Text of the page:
The Bridegroom is no longer on this Earth. We are to fast.

Check out this page for much information on Lent:

http://acatholiclife.blogspot.com/2006/02/everything-lent.html

del_button February 20, 2007 at 11:57 PM
Anonymous said...

but mat 9 is an observation about mourning, its not a commandment. if i said that when i die, people are going to cry, i'm not demanding that people should cry. i'm making a statement of fact.

plus, and this was my point about the rbead and wine, if we're supposed to fast because christ isn't here, then why are we supposed to take the bread and wine in remembrance of him? seems a bit contradictory, no?

del_button February 21, 2007 at 12:38 AM
PBXVI said...

"Fasting never hurt nobody"---(quote from St. Redneck of Ohio)

"If you don't understand a teaching of the Church then don't disbelieve but go read one of um books (or learn how to read) so you can come to an understandin'!" (same quoter)

"Christ said there would come for a time of fasting, so don't complain... Christ said He would always be wit' us, but we does the stuff we do for a numbers of reasons. For one thing, we fast like Jesus did in the desert. Also, to remember to be filled with sorrowfullness for our sins, and thirdly, if you still ain't convinced, its because the Church tells us to. Yea, that's important cause Christ gave the Church athority, and if you are Catholic you got to act like one. So, partner, hopes that helps ya!"---same quoter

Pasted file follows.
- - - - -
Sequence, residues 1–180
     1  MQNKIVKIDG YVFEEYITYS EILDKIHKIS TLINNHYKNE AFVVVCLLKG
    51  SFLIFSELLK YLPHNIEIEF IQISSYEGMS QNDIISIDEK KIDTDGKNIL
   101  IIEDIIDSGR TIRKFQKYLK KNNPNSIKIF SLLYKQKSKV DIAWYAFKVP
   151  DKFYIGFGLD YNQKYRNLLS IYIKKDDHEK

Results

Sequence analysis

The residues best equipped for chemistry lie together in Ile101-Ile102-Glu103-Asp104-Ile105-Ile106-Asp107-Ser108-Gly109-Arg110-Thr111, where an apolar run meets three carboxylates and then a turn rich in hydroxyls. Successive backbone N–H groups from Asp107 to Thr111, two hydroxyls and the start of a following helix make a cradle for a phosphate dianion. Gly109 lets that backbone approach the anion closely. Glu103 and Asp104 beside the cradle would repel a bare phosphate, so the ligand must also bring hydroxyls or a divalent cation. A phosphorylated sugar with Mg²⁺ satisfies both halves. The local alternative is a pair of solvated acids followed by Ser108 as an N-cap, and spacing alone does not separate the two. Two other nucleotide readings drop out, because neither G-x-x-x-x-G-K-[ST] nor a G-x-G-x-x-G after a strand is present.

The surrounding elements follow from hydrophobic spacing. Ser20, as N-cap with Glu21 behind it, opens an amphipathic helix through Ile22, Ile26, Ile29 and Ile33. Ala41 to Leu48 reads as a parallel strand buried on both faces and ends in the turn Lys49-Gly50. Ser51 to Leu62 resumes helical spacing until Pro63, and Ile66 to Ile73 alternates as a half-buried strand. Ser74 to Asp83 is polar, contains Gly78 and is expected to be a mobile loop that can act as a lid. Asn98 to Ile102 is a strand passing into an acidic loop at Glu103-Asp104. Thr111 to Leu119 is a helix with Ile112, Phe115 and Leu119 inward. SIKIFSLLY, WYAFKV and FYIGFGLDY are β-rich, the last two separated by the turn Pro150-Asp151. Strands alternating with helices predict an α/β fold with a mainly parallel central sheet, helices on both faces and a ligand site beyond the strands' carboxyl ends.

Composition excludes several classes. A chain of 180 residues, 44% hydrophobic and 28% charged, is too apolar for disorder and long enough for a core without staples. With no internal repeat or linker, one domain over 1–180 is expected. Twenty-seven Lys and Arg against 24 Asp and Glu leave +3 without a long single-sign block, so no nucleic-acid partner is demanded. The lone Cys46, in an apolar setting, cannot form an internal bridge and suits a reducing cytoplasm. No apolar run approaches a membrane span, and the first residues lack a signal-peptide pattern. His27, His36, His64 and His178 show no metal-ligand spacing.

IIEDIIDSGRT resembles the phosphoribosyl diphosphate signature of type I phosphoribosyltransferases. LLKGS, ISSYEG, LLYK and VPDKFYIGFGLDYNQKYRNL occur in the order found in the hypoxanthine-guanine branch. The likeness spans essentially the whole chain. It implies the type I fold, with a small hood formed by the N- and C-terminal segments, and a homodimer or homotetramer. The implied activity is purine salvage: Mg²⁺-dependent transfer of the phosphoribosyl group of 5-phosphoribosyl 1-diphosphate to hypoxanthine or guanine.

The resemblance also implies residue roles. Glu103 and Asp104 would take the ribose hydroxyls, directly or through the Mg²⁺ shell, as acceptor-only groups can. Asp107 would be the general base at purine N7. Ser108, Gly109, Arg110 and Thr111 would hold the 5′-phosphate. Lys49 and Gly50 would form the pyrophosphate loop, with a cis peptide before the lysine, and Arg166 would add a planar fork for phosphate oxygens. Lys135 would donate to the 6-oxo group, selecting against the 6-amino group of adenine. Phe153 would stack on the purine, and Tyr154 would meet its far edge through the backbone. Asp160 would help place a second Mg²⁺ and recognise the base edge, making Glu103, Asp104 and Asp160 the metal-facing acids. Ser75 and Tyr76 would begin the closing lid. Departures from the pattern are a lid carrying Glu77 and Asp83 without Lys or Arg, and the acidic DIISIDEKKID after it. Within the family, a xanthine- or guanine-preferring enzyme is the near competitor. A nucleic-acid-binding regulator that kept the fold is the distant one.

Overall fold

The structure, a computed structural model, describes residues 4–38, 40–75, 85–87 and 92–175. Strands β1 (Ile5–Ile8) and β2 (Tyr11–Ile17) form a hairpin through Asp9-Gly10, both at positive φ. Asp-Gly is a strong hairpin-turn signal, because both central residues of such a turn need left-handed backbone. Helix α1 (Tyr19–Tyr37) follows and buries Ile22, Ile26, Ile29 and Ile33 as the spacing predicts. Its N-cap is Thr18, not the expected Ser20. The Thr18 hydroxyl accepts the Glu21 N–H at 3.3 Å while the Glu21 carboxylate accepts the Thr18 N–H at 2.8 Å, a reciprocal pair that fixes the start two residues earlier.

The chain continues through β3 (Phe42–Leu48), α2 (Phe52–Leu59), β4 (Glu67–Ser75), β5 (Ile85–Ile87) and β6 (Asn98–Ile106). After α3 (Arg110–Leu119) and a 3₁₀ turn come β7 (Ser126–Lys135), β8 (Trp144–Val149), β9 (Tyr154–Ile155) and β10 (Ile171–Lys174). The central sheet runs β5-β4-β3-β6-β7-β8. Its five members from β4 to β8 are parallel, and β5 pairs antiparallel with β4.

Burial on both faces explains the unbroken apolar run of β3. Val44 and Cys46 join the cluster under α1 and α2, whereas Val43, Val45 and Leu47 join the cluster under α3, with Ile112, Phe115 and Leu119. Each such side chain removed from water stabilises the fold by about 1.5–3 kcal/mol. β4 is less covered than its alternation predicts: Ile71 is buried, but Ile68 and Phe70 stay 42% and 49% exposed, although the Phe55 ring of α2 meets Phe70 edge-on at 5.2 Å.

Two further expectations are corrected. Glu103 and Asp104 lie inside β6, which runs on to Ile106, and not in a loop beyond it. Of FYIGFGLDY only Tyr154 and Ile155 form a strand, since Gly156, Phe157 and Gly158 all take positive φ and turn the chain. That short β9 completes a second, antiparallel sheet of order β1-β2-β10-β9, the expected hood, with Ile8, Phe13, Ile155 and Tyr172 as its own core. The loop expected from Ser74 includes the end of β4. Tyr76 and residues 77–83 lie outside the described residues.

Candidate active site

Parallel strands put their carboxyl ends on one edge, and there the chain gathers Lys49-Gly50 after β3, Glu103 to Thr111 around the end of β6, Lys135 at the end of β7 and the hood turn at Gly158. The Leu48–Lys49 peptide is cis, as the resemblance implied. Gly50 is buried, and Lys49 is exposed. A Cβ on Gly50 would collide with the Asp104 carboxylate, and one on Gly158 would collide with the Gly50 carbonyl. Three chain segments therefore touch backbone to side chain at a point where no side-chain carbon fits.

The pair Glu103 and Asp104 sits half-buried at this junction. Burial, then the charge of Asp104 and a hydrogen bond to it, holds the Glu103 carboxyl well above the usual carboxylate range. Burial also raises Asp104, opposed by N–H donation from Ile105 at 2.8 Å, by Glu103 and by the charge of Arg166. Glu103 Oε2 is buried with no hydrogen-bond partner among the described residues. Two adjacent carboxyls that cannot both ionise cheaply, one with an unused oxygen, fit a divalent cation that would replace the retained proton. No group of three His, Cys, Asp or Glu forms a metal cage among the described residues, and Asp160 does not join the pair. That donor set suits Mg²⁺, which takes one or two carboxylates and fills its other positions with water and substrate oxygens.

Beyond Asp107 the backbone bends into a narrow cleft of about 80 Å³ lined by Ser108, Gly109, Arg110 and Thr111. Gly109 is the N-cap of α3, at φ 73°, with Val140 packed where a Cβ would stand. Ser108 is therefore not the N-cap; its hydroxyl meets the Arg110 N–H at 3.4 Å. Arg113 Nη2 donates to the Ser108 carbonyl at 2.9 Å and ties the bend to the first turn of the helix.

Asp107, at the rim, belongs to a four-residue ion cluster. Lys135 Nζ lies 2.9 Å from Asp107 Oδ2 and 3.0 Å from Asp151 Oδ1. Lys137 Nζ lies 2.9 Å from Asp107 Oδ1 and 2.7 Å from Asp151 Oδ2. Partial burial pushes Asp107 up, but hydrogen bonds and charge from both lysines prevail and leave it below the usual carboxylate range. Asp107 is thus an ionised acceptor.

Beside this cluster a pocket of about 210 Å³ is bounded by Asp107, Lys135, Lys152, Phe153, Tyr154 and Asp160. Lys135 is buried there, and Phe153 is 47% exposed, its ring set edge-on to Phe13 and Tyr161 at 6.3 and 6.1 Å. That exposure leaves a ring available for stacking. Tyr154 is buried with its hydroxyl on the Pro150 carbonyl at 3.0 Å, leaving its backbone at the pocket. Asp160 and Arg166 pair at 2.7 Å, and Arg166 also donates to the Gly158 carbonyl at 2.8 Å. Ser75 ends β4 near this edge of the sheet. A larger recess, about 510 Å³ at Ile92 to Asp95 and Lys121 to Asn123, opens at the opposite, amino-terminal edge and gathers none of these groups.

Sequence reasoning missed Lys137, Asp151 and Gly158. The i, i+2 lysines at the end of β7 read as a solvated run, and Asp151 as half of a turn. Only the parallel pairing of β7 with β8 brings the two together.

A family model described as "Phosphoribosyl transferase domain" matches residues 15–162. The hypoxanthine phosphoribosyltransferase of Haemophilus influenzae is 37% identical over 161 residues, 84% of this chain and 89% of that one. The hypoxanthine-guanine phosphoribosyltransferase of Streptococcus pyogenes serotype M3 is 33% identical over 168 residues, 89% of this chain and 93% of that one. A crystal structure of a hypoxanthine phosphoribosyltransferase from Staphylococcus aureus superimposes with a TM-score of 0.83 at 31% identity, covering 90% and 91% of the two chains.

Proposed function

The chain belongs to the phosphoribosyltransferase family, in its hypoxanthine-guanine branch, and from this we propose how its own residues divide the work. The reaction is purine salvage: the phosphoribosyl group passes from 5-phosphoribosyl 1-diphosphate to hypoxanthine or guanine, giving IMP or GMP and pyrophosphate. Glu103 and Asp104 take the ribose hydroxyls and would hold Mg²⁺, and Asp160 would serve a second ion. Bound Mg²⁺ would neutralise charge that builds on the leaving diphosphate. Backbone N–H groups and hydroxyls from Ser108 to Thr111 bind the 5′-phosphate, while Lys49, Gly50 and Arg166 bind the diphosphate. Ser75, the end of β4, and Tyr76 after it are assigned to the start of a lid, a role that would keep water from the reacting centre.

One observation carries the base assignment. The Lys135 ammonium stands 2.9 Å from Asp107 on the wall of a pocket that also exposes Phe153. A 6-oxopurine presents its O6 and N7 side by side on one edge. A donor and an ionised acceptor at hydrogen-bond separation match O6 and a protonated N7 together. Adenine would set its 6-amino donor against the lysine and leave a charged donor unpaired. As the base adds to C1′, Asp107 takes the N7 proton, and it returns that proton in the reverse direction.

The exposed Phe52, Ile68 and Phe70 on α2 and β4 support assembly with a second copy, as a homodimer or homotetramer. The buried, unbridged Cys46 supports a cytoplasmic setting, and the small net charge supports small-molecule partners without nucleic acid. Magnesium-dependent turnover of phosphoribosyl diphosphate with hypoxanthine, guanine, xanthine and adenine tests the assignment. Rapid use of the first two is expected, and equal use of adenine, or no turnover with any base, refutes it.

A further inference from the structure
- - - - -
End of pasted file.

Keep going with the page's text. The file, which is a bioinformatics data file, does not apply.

(Humor and information inteded to get across without offense!) God Bless!

del_button February 21, 2007 at 6:36 AM
Moneybags said...

Using bread and wine in remembrance of Him isn't about feasting. It is about the Eucharist. Do you know what that is?

Jesus instituted the Eucharist from bread and wine at the Last Supper. He told us to continue that.

Fasting is a separate issue and it is required today.

del_button February 21, 2007 at 9:30 AM
Anonymous said...

you're still missing my point: if we're supposed to fast because jesus is gone, then taking the bread and wine, eucharist or whatever you want to call it, is a contradiction to the fasting rule. doesn't fasting mean 'off food completely'?

and like i said befre, mat 9 is an observation about mourning, its not a commandment. if i said that when i die, people are going to cry, i'm not demanding that people should cry. i'm making a statement of fact.

del_button February 21, 2007 at 1:52 PM
ccfvisitor said...

anonymous poster:
First, there's no commandment that tells us that Jesus is God - but you believe it, right?

Let's drop this idea that if it's not a commandment or not specifically written in the bible that it doesn't make it something we should do.


Second, you are using Paul's words that we are not to be extreme in penance to the other extreme, that we should not perform any sacrificial acts at all. That's certainly not what Paul was about.

Third, fasting is not a permanent activity or discipline. It's something we are only required to do on two days during the year. (Abstinence or at least a substitute is required 53 or 54 times during the year, but that's a different topic.)